The eclectic veteran French director Jacques Audiard shifts gears yet again (his last feature was 2018’s unusual western, The Sisters Brothers) with Paris, 13th District (Les Olympiades), an adaptation of stories by the American comic book writer and artist Adrian Tomine. It’s an oddly segmented affair that involves a great deal of sex — quite a bit of it thwarted or in other ways less than satisfactory, at least where the women are concerned — is shot predominantly in black-and-white and seems more like tasty samplings from a smorgasbord rather than a full meal.
It’s hard to think of another film that has this much sex in it but so often leaves the participants in a grumpy mood. It happens at the outset with Emilie (Lucie Zhang) and Camille (Makia Samba), the latter a Black high school teacher who rents an apartment from the young Taiwanese woman and almost immediately after hooking up with her wants to stop having sex with her. It’s a bit awkward, but Emilie doesn’t communicate very well and her general negativity is an understandable turn-off.
Then there’s Nora (Noémie Merlant), a 32-year-old neurotic from Bordeaux who, to attend a rave party, turns up in a blonde wig and mini-skirt but then abruptly leaves after being insulted by a man in the bathroom. She later gets it on with the quite busy Camille, but that doesn’t go so well either, all of which eventually leads Nora to build a relationship with an exotic online therapist.
The acting and filmmaking are of a quality that keeps things afloat, and the script by Audiard, Lea Mysius and Celinne Sciamma, the latter the celebrated creator of Tomboy, Girlhood, Petite Maman and Portrait Of A Lady On Fire, supplies plenty of frank talk about sex. But since so much of the sex looks to have been unfulfilling and/or loaded with expectations that rarely get met, there’s something missing here in the form of a discussion about the void, the lack of substance or blockage when it comes to intimate relations. There may be hook-ups galore, but no one here comes close to entering the territory where things like real love, meaningful sex and commitment are felt.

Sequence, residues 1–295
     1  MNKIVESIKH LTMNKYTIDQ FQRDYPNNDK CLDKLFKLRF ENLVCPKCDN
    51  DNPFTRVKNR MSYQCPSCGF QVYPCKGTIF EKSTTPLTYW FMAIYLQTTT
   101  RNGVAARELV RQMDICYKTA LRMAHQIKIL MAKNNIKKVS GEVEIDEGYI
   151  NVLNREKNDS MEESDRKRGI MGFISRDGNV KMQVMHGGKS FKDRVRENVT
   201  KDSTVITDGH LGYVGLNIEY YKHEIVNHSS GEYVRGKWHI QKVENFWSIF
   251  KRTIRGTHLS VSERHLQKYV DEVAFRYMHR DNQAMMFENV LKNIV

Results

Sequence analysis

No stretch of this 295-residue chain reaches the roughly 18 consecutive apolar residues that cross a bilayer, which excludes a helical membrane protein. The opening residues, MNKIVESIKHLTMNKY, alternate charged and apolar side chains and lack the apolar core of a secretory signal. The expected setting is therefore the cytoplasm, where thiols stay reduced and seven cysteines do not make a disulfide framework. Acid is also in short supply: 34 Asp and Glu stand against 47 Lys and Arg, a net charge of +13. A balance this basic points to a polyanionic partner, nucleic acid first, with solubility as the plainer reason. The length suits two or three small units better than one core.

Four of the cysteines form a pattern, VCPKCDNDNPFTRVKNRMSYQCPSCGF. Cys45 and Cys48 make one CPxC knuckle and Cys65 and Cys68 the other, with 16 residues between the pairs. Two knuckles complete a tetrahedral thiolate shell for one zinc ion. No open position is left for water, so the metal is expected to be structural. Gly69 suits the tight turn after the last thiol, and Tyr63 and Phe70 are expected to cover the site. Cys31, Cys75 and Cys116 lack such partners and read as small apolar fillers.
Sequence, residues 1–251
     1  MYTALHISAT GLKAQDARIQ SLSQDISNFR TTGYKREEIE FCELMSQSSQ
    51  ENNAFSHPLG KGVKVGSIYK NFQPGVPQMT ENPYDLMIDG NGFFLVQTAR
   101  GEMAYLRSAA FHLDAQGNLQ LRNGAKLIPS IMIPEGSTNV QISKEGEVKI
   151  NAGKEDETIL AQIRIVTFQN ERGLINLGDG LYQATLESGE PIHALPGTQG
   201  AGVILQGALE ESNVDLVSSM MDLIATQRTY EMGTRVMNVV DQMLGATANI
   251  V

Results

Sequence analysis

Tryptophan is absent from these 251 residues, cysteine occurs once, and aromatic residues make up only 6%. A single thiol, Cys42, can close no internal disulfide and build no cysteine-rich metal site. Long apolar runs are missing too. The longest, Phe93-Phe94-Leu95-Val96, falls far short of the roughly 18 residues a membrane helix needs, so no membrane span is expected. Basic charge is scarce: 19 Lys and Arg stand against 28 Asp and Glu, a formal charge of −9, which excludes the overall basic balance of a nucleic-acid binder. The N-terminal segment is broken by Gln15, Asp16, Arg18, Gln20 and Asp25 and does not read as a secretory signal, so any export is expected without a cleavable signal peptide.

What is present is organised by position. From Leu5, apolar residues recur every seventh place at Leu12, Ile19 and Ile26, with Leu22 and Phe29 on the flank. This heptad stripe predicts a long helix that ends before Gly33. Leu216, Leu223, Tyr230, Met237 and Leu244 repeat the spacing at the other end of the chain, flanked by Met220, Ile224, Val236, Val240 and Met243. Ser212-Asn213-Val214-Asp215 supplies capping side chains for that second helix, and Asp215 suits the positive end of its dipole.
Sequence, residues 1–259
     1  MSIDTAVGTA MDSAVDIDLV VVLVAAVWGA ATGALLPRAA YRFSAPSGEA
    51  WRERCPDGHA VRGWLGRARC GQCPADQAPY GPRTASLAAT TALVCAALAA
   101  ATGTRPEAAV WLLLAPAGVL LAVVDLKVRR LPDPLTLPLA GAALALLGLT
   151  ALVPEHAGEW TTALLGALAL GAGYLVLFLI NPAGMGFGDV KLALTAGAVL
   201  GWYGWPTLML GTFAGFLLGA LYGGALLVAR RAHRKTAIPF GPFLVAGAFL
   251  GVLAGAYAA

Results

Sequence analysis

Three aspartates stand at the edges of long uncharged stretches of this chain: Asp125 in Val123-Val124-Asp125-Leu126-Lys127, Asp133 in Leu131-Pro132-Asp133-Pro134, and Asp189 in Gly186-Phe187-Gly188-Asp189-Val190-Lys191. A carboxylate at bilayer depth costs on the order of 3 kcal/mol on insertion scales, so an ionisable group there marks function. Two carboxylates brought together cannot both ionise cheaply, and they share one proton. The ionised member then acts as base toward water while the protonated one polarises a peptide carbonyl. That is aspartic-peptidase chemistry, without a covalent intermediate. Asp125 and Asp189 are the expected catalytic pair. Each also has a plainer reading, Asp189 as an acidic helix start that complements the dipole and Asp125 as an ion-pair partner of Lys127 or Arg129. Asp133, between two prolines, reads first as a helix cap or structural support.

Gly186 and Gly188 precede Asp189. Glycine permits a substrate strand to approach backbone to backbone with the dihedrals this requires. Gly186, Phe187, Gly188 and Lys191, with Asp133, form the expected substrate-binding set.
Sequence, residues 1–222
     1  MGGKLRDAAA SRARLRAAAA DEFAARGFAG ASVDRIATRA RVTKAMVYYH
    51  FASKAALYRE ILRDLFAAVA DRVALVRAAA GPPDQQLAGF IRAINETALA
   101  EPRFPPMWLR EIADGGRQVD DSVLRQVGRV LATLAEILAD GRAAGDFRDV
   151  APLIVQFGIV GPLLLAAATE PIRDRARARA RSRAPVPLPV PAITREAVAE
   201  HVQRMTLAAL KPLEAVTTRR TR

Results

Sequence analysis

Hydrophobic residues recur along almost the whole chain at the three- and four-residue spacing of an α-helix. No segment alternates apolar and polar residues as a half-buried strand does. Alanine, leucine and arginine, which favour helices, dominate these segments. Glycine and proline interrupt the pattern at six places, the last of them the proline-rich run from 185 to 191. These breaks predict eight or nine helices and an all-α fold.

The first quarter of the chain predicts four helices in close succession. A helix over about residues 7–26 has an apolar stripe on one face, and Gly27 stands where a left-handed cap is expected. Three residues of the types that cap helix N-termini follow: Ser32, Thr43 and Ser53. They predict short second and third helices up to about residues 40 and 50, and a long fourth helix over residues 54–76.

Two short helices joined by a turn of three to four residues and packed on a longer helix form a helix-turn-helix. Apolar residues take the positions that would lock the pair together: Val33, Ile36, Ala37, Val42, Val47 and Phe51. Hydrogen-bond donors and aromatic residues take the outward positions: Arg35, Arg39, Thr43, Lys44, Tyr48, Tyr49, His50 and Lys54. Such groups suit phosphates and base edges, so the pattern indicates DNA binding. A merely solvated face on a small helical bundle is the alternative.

At the same time, this is not a study of cultural ennui. Everyone’s into real stuff like working and achieving a certain level of satisfaction, and all are free to pursue their interests and make money; times have been worse. But no one seems passionate about either what they do or what they aspire to become; because of the quickness of life and the general availability of immediate satisfaction, be it from sex or drugs or money, loftier or more noble aims have rather fallen to the side.
This is not a despairing work, just a concerning one when it comes to things like modern aspirations, mutual fulfillment and attention spans. As pictured here, the current generation has trouble seeing the forest the trees — and may well be stuck in them.
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